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Re: [CONSTITUTIONAL AMENDMENT] Disambiguation of 4.1.5

On Mon, Nov 13, 2000 at 04:08:21AM -0500, Branden Robinson wrote:
> There is also A.3.6.
>   In cases of doubt the Project Secretary shall decide on matters of
>   procedure (for example, whether particular amendments should be considered
>   independent or not).

That's probably reasonable.

> > Well, no. People (well, at least one of them) think the only
> > constitutionally sound way of offering an alternative to be voted on
> > is to amend a resolution, whether that alternative completely reverses
> > its meaning and/or effect or not.
> I guess voting NO is not a sufficiently vigorous way of registering one's
> disagreement...


> What should be done about this?
>   * * [two other options and..]
>   * Should we amend A.3.3 to clearly extend the scope of ballot questions,
>     not limiting them to yes/no issues?
> I don't think the first option is really going to get us anywhere.  The
> second option might set a precedent for loose interpretation of other parts
> of the consitution.  That leaves yet another constitutional amendment...

Which is probably due, anyway.

There are at least two issues which could use correcting:

	* the method for resolving circular ties
	* how to make alternative resolutions available

Digressing a bit (and rereading some of Mike Ossipoff's mails from June
and February), these are actually related: I imagine what irritates
Branden most about having the "gutting" amendment is that it's voted
on first, so removing non-free had to win a vote just to be considered,
as well as a second vote to be accepted, and that might encourage people
to insincerely vote for the amended version just to try to kill John's
proposal (or conversely). This is called strategic or sophisticated
voting, apparently, and is really a Bad Thing.

So what we should presumably have is a single vote on how to resolve an
issue, with all alternatives presented, and a single resolution chosen.

Some URLs for voting methods:

	* http://www.eskimo.com/~robla/em
	* http://www.fortunecity.com/meltingpot/harrow/124/

I found the latter most helpful, probably mainly because it states its
results without proof rather than with...

Since we're already using a Condorcet-base scheme, it's probably best to
keep doing that (ie, keeping the "foo DOMINATES bar"). From the latter
URL, it seems that "Tideman" and "Schulze" are probably the most suitable
(they're not vulnerable to most of the nasty strategies). Mike Ossipoff
listed a whole bunch of related systems in his letters too.

From Mike's letter:

    Schulze's method:
    1. A has a beatpath to B if either A beats B, or if A beats
       something that has a beatpath to B.

    2. The strength of a beatpath is measured by the strength of its
       weakest defeat.

    3. If A has a stronger beatpath to B than B has to A, then A
       has a "Schulze win" over B.

    4. The winner is the candidate who has a Schulze win over each
       one of the others.

The Tideman method, according to the second url above is:

    Pair-wise victories are considered starting from the strongest, and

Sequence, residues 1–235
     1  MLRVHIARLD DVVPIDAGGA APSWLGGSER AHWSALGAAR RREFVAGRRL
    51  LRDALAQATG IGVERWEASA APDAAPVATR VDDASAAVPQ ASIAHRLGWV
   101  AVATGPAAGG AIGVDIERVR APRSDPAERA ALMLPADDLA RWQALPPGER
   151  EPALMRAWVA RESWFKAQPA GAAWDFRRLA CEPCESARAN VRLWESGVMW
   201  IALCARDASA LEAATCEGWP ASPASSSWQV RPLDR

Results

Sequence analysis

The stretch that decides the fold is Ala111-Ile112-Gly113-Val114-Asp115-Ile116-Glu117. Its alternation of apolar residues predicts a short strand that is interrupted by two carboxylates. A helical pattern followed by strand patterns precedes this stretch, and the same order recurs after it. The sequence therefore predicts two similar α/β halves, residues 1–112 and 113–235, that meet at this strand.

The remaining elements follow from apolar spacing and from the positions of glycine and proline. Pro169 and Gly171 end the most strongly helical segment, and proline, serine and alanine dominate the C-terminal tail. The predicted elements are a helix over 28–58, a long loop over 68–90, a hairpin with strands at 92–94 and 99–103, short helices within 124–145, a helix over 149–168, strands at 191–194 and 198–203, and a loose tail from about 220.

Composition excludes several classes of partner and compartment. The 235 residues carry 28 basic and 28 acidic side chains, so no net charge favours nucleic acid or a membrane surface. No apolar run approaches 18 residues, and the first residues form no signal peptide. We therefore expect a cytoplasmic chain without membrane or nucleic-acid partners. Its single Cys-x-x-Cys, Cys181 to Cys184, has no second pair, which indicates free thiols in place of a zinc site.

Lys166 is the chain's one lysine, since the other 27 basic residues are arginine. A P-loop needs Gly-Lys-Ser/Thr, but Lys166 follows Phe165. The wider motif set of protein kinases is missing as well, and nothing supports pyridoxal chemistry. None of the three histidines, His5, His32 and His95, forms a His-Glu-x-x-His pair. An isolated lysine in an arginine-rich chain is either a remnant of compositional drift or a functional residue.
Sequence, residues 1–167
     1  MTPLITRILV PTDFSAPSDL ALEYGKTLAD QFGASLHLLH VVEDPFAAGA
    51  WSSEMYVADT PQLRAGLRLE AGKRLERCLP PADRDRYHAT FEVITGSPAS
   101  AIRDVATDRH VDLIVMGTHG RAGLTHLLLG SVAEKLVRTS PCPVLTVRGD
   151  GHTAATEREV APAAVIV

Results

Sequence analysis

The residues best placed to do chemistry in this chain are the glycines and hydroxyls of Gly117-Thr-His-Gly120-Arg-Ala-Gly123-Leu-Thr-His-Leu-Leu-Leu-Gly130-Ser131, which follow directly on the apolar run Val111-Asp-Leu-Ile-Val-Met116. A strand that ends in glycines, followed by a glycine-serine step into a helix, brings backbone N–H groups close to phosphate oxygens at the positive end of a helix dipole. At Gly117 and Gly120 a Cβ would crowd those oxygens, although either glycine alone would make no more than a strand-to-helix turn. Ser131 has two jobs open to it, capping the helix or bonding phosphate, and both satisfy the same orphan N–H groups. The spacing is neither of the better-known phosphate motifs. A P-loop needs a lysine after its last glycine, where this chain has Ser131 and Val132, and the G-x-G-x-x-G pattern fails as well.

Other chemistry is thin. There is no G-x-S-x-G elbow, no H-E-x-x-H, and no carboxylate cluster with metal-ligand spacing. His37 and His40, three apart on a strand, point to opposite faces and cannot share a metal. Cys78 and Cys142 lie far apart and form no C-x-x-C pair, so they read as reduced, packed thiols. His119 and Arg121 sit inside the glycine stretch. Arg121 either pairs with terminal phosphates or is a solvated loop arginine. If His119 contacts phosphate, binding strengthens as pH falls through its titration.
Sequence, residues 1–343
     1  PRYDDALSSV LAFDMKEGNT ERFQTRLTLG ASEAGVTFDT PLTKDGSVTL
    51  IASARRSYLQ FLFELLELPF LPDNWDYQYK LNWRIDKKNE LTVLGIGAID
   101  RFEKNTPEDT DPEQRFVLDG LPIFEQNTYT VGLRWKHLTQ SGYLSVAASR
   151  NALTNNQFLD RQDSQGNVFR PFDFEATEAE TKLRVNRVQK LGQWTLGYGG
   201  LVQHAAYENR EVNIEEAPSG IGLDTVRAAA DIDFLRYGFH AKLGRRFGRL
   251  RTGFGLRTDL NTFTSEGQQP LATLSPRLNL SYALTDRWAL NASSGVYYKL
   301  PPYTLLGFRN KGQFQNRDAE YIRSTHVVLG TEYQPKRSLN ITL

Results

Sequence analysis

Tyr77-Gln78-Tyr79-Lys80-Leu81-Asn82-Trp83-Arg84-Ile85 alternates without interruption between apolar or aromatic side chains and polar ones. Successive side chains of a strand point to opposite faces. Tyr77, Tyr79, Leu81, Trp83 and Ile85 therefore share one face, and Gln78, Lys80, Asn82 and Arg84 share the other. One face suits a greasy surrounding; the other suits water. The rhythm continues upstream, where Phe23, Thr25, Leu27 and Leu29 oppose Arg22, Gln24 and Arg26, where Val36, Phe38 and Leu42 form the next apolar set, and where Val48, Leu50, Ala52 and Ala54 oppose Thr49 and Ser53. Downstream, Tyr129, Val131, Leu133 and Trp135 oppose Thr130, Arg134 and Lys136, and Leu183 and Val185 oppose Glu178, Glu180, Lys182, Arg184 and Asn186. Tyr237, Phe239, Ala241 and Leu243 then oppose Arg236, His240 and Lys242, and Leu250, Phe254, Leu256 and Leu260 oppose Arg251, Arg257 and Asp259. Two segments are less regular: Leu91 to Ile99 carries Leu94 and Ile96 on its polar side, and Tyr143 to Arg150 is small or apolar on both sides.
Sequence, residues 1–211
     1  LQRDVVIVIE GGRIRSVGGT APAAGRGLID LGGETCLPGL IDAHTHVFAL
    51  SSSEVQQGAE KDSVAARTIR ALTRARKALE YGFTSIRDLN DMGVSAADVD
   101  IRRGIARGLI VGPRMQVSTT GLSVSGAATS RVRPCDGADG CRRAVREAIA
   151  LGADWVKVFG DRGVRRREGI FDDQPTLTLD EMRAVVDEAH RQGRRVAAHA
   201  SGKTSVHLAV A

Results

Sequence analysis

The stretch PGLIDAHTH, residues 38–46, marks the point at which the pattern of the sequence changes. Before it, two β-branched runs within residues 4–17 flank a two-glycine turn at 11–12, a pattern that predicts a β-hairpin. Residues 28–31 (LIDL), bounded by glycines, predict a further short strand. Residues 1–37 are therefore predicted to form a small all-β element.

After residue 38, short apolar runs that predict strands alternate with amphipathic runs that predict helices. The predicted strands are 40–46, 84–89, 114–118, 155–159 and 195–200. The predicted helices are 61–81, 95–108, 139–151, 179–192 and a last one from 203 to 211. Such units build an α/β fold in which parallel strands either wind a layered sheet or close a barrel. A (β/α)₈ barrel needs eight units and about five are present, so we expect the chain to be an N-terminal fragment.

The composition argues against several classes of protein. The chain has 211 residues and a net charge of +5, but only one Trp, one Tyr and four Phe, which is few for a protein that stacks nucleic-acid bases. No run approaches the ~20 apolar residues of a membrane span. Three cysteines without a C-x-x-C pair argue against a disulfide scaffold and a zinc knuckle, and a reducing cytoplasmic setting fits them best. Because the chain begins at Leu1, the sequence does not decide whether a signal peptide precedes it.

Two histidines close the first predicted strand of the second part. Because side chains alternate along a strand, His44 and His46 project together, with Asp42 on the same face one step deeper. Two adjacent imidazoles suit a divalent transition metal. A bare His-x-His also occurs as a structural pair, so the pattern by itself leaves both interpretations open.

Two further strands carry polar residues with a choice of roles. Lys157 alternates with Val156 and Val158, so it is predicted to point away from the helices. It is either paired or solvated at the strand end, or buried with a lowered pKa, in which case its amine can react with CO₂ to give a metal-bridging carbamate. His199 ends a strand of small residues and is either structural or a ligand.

working down. If a victory does not conflict (by forming a cycle) with
    previous "locked" victories, it is "locked". Otherwise it is
    "skipped". The alternative that is left with all defeats "skipped"
    wins. Strength of victory is based on either Margins or Winning-Votes,
    as described for Minmax.

They're both quite complicated and unusual, but they choose a result
based on an honest ranking of candidates; largely without people being
able to get different results by adding different options ("a vote for
Nader is a vote for Bush"), or forcing people to vote insincerely ("go
ahead! vote for a third party! throw your vote away!") to get something
they'll find acceptable, which apparently is very rare in voting systems.

I presume the best way to handle different possiblities on ballots is
just to vote on them at once (eg, "Remove non-free // We love non-free! //
Status-quo // Further discussion") and have whichever one wins (according
to the voting rules, and any supermajority requirements), win.

The only problem with that is when there are semi-independent options on
the ballot. For example, since the issues in this mail are largely independent,
we might have essentially two ballots with these choices:

	[  ] Use the SCHWARTZ method for counting votes
	[  ] Use the TIDEMAN method for counting votes
	[  ] NO change
	[  ] FURTHER discussion

	[  ] ONE vote to choose a form of the resolution and accept it
	[  ] NO change
	[  ] FURTHER discussion

But this means there's no way for someone to say `If we do SCHWARTZ
or TIDEMAN on the first vote, then I'll vote for ONE on the second;
otherwise I'll vote for FURTHER/NO on the second'; or conversely to say
`If we change to ONE on the second; then I want SCHWARTZ or TIDEMAN;
otherwise I'd rather NO on the first ballot'. This probably can't be coped
with particularly well at all, actually (a cross product vote could end
up splitting the TIDEMAN vote, say, and breaking the vote counting).

So, I guess for doing different options, the best way is to essentially
just have a separate ballot for each independent issue, and to let related
proposals and unaccepted but seconded amendments be voted on concurrently.

Yes? No?


Anthony Towns <aj@humbug.org.au> <http://azure.humbug.org.au/~aj/>
I don't speak for anyone save myself. GPG signed mail preferred.

  ``We reject: kings, presidents, and voting.
                 We believe in: rough consensus and working code.''
                                      -- Dave Clark

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